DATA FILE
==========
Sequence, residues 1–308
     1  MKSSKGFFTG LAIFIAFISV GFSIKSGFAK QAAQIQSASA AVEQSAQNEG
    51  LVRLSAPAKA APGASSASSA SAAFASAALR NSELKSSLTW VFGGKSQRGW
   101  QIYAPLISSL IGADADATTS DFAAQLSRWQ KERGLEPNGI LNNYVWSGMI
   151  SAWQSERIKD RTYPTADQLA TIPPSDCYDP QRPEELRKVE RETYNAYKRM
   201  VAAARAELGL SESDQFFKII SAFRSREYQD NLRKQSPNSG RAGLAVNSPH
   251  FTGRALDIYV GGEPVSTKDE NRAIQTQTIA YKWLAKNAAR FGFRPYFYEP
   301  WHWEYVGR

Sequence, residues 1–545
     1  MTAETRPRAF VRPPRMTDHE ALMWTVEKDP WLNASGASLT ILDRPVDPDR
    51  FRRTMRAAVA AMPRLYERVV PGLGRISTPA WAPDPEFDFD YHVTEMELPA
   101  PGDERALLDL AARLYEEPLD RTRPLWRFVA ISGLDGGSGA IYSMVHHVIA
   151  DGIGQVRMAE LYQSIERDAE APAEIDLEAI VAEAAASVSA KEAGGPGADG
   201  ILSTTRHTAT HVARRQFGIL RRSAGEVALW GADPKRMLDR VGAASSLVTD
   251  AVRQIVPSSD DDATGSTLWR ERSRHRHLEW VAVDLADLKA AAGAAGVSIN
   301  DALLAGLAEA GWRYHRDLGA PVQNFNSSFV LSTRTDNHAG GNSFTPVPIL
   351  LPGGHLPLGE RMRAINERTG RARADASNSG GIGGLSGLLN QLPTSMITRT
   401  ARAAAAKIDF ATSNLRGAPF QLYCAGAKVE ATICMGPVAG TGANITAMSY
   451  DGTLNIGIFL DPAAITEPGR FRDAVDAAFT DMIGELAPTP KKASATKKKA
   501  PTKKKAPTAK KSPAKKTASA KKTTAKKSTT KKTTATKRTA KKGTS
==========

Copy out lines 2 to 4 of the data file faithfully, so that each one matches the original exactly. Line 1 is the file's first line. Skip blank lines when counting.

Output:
     1  MKSSKGFFTG LAIFIAFISV GFSIKSGFAK QAAQIQSASA AVEQSAQNEG
    51  LVRLSAPAKA APGASSASSA SAAFASAALR NSELKSSLTW VFGGKSQRGW
   101  QIYAPLISSL IGADADATTS DFAAQLSRWQ KERGLEPNGI LNNYVWSGMI